YES, I’m in love, I feel it now,
And Cælia has undone me;
And yet I’ll swear I can’t tell how
The pleasing plague stole on me. 1
Why is Mansfield Park my favorite of Jane Austen’s novels? To quote from the book: “Nothing could be more impossible than to answer such a question, though nothing could be more agreeable than to have it asked.” 2 How “the pleasing plague stole on me” I could not say. 3 However, I will attempt to list a few reasons.
It is possibly the most profound and complex of Jane Austen’s writings. Of all her novels, I have found it to be the one with the most doubtful ending. In the words of Mr. J. Plumptre, “I never read a novel which interested me so very much throughout, the characters are all so remarkably well kept up & so well drawn, & the plot is so well contrived that I had not an idea till the end which of the two would marry Fanny, H. C[rawford] or Edmund.” 4 Jane Austen wrote of her brother Henry’s opinion of her book, “Henry has this moment said that he likes my M. P. better & better ; he is in the 3d* volume. I beleive now he has changed his mind as to foreseeing the end; he said yesterday at least, that he defied anybody to say whether H. C. would be reformed, or would forget Fanny in a fortnight.” 5 While, as far back as I can remember, I have always known how the book ended, it still interests me every time I read it to think how it could have ended. As far as I can recall, it is the only novel in which Jane Austen tells us how it would have ended had something else happened. I find the possible alternative ending intriguing.
The characters in Mansfield Park are intricate, and, as Lizzy Bennet tells us, “intricate characters are the most amusing. They have at least that advantage.” 6Their intricacy builds the complexity of the book, the doubtfulness of the ending. How will such a character act under these circumstances? Sir Thomas is upright and generous, yet he fails to bring up his daughters well. Miss Crawford is charming, yet she is morally corrupt. Mr. Crawford is unscrupulous, yet he almost reforms. Mrs. Norris is detestable in her cruelty, yet she “would have been a more respectable mother of nine children on a small income” 7 than Fanny’s mother is. These are not flat characters.
And there are the amusing characters: the buffoonish Mr. Rushworth, the gourmand, Dr. Grant, who “brought on apoplexy and death, by three great institutionary dinners in one week” 8, and even Mrs. Norris, who “consoled herself for the loss of her husband by considering that she could do very well without him.” 9 Mansfield Park is, perhaps, one of the least comic of her novels, but Jane Austen seems to never have ceased viewing life with a sense of humor and irony.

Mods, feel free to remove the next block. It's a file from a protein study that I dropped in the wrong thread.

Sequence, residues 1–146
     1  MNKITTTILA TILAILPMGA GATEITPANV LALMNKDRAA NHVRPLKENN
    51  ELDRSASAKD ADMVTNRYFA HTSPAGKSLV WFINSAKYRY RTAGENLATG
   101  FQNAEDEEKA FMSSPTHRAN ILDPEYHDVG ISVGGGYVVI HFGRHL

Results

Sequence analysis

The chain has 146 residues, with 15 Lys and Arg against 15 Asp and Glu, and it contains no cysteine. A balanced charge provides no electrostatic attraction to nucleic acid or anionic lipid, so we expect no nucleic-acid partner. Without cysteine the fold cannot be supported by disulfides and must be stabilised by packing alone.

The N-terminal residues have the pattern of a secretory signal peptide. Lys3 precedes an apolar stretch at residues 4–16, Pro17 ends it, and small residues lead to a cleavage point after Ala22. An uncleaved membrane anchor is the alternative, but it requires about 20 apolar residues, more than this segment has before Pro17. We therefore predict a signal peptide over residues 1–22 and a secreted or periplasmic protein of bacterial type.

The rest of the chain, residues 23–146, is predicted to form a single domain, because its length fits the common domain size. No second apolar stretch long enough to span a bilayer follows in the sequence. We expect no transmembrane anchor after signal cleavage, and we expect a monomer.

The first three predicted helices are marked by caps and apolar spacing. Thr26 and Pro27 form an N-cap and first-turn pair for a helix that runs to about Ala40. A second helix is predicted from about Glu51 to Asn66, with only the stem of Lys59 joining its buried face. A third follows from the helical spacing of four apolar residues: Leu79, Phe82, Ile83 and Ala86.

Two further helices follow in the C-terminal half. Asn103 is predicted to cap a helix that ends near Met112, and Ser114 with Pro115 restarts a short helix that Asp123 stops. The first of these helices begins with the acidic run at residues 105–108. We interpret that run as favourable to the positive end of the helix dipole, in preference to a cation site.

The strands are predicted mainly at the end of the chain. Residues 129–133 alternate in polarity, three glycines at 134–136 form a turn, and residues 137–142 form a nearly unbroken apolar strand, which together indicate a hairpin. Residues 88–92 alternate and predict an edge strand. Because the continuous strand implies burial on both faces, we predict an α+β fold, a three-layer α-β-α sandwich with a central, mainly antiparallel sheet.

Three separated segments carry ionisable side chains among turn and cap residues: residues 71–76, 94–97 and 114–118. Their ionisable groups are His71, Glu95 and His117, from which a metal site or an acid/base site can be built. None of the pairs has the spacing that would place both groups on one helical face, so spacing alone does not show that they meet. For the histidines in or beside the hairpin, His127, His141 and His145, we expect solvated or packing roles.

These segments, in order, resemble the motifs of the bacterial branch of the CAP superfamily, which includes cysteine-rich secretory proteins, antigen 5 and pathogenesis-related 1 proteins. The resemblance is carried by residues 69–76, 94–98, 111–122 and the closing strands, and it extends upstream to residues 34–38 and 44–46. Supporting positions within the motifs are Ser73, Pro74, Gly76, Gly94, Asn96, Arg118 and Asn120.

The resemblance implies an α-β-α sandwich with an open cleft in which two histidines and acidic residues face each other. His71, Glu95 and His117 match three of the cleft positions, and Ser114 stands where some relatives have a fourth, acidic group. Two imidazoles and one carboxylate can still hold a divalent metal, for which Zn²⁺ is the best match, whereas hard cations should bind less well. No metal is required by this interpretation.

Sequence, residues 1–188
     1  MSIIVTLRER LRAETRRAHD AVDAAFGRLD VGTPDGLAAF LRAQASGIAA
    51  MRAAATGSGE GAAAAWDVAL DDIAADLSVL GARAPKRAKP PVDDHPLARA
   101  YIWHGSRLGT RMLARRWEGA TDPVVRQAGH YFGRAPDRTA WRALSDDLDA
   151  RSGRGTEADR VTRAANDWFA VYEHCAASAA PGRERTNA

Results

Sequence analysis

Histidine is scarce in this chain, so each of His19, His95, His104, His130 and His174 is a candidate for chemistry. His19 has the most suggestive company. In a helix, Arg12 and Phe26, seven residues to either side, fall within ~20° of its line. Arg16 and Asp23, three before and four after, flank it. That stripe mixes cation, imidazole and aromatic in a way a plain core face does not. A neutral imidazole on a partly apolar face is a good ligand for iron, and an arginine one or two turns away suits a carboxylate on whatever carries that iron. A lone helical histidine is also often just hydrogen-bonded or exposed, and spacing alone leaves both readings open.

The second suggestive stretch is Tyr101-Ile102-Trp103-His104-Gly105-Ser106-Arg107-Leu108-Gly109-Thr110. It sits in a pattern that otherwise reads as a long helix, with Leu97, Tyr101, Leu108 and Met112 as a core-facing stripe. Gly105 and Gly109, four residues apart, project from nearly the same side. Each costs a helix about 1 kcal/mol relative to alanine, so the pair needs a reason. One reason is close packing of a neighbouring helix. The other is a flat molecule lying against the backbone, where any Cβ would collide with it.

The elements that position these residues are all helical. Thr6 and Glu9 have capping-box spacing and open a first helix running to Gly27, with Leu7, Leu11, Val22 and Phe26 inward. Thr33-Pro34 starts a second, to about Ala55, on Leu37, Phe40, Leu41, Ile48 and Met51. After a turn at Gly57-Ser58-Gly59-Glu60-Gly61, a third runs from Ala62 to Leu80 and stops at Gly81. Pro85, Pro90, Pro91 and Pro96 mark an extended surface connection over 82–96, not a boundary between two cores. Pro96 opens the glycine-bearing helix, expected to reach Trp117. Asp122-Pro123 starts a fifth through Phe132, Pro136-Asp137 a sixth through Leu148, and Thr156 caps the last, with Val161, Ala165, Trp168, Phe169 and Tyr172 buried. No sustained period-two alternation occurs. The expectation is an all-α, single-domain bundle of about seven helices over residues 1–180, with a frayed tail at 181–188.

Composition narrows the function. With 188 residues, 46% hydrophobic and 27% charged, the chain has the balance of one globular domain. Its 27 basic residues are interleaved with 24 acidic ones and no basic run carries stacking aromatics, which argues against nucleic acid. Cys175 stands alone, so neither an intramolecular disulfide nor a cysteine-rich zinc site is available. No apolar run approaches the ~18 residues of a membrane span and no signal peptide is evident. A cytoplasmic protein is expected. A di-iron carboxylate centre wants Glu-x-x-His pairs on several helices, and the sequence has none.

Fanny Price herself is wonderful to study. Her patience under mistreatment, her timidity, diffidence, discernment, tenderheartedness, gentleness, loyalty, fortitude, and vulnerability, all unite to give her a depth and complexity that has the capability of delighting anyone who, like Elizabeth Bennet, is “a studier of character.” 10 Richard Jenkyns, in his book A Fine Brush on Ivory, comments, “Most of those who know Jane Austen best appear to regard Mansfield Park as a masterpiece, a deep book.” 11 He declares that it “is not far from being a perfect novel” 12 and that “the treatment of the heroine is masterly and profound.” 13
Fanny is much abused, not only by characters in the book, but also by critics. Perhaps I enjoy going against a popular opinion. There is a certain pleasure in defending someone. Not that Fanny doesn’t have her following of admirers, but of all of Jane Austen’s heroines, she is said to be the least liked. (Not necessarily a very low position, given the popularity of Jane Austen’s novels!)
Of course, I find all of Jane Austen’s novels delightful and fascinating, but these are a few of the reasons that Mansfield Park has come to be my favorite of her works.
1. First verse of The Je Ne Scai Quoi by William Whitehead (1715-1785).
2. Mansfield Park, by Jane Austen, Chapter XXX.
4. From Jane Austen’s collected Opinions of “Mansfield Park” (These can be accessed at: http://www.pemberley.com/janeinfo/opmansfp.html)
6. Pride and Prejudice, by Jane Austen, Chapter 9.
7. Mansfield Park, by Jane Austen, Chapter XXXIX.
8. Ibid. Chapter XLVIII
9. Ibid. Chapter III.
10. Pride and Prejudice, by Jane Austen, Chapter 9.
11. A Fine Brush on Ivory, by Richard Jenkyns; New York: Oxford University Press, 2004; Chapter 4, pages 93-94.
12. Ibid. Chapter 4, page 94.